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## Class 12 Physics (India)

### Course: Class 12 Physics (India)>Unit 9

Lesson 1: Reflection and plane mirrors

# Specular and diffuse reflection 2

Specular and Diffuse Reflection 2. Created by Sal Khan.

## Want to join the conversation?

• I'm still not quite sure why the specular reflection is white. Why was energy not absorbed from that light ray, returning white light, yet the diffused reflection returns red? Its seems both are reflections of the same light source and both types of rays would have certain wave lengths absorbed equally.
• Specular reflection occurs at the very surface of the apple. Often apples are waxed so that they are extra shiny (it makes the colors seem more intense). Just like a mirror or a shiny white light everything is reflected. White light is a mix of all colors, so all colors get reflected.

Specular reflection is not always white - think of mirrors made of silver, gold and copper. Silver reflects all visible light more or less equally. Gold and copper do not. Pure gold absorbs blues and greens and has a yellow appearance. Copper absorbs yellow too, so that it has a red-orange appearance. This has to do with the way light interacts with the electrons of these metals. This wasn't properly understood until the 20th century.

Diffuse reflection is a bit more complicated than Sal's easy to understand explanation. The apple appears red because of pigments that absorb the other colors. This happens below the surface where the pigments are. Depending on the surface (I assume this is true of apples - I haven't looked at them) the light is bounced back and force in between the layers, in this case in the apples skin. These multiple reflections make the light diffuse, because the light is reflected differently between each of the layers (e.g., closer to of further from the white flesh).
• So, is what we see in our mirror a specular reflection of us that is a diffuse reflection of the light source?
• correct, its the portion that gets into our eyes.
• Sal said that the apple was reflecting because it was waxed nicely, but whywould waxing change themake up of the surface of the apple? Wouldnt it still be an uneven surface regardless of the wax? Why does the wax increase the reflecton?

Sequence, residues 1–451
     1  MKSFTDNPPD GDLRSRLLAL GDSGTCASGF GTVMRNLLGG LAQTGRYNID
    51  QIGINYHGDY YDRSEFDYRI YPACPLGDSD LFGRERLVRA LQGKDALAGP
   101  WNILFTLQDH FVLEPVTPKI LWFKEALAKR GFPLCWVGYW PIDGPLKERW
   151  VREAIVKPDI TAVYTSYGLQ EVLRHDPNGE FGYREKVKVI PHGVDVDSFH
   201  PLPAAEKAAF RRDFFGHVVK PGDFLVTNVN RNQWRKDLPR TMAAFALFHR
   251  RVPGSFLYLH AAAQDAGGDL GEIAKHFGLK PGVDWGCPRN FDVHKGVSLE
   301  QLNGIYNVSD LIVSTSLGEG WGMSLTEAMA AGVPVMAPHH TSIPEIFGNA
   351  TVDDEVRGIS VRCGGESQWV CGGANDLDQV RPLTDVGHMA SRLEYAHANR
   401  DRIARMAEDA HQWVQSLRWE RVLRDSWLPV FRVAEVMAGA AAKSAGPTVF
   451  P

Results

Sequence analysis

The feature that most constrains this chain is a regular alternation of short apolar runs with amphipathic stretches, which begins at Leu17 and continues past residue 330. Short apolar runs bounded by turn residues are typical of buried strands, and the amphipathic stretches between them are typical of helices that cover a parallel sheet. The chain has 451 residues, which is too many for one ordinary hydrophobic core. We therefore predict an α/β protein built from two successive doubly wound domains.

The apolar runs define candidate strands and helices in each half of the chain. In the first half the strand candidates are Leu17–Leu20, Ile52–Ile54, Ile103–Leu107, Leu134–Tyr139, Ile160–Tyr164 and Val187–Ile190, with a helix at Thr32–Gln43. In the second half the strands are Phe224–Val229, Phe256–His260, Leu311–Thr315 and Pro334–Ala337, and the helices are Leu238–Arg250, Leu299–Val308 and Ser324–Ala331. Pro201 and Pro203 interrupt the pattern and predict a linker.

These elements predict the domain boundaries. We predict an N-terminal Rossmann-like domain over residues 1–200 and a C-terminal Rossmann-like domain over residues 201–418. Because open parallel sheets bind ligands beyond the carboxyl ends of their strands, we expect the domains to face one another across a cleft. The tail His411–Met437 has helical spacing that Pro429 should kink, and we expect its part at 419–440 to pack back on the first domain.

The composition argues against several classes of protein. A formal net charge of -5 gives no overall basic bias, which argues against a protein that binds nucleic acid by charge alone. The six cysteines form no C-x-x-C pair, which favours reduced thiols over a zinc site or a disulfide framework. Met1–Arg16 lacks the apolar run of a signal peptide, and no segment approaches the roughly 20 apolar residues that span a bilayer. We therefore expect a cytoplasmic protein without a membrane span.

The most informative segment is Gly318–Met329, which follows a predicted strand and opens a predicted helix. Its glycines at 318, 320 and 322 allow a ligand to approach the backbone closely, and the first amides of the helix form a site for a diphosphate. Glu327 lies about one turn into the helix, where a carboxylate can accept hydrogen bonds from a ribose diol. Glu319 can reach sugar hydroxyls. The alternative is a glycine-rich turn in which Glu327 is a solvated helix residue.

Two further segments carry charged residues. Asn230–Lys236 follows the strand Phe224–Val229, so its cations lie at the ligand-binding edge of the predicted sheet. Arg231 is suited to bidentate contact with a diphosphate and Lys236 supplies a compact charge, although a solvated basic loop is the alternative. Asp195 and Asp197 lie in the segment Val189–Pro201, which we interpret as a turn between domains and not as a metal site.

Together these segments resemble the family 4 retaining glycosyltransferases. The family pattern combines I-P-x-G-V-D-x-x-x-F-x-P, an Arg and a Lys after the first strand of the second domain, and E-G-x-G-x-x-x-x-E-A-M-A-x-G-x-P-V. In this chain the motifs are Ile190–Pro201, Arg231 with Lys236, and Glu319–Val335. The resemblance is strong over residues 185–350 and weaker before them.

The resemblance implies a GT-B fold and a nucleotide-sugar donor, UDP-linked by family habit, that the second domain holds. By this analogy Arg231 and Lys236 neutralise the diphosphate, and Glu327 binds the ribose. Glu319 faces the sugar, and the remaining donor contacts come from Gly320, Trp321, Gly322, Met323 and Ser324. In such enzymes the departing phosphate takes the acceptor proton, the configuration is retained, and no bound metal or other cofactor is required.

• The wax is like water and water is reflective.like how polished wood is shiny
• maybe a little out of the box question.
if light gets absorbed by the object then shouldn't the object gain mass as it is absorbing the light particles or is it that the light particles dont have mass as it is travelling at the speed of light ? quite confused here
• Lights is electromagnetic waves and we can say it made of photons and photons do not have mass
• Sal said that in diffused reflection some part of the light is absorbed by the apple. And since light is in effect just energy particles, does this mean that the apple keeps more getting energetic the more you keep it in the light?(given that it isn't decaying)
• Yes the apple is gaining energy from the light that it absorbs and it warms up because of it. The apple is in turn radiating this heat increase out as infrared light that we can not see.
• this question has been asked earlier in the first video of specular and diffuse reflection. the question was that during diffuse reflection will the angle of incidence be equal to angle of refection?
i am still not clear because there were 3 different answers to the question which still makes it unclear.
hence according to me the angles should be equal because its the normal's function to divide the angle and even the law. but my book says that law is only obeyed in smooth surface. thus this makes it unclear . so can someone please answer.
• the angle of reflection is in fact equal to the angle of incidence at all times. It does not matter whether the surface is smooth or uneven. When you come to think of it , the particles of light in the incident ray fall only on a minute point so when it gets reflected you take it as a plane surface and therefore the normal is always perpendicular to the surface ( which is a minute point).

hope this cleared our doubt :)
• is the specular reflection caused due to total internal reflection??
• Specular reflection is the mirror-like reflection of light (or of other kinds of wave) from a surface, in which light from a single incoming direction (a ray) is reflected into a single outgoing direction. Such behavior is described by the law of reflection, which states that the direction of incoming light (the incident ray), and the direction of outgoing light reflected (the reflected ray) make the same angle with respect to the surface normal, thus the angle of incidence equals the angle of reflection ( in the figure), and that the incident, normal, and reflected directions are coplanar. This behavior was first discovered through careful observation and measurement by Hero of Alexandria (AD c. 10–70
• how do things absorb (or reflect) certain wavelengths and not others?
• It has to do with the energy levels of the atoms, molecules and inter molecular bonds. If the difference in these levels is the same as the energy of a photon then it can be absorbed.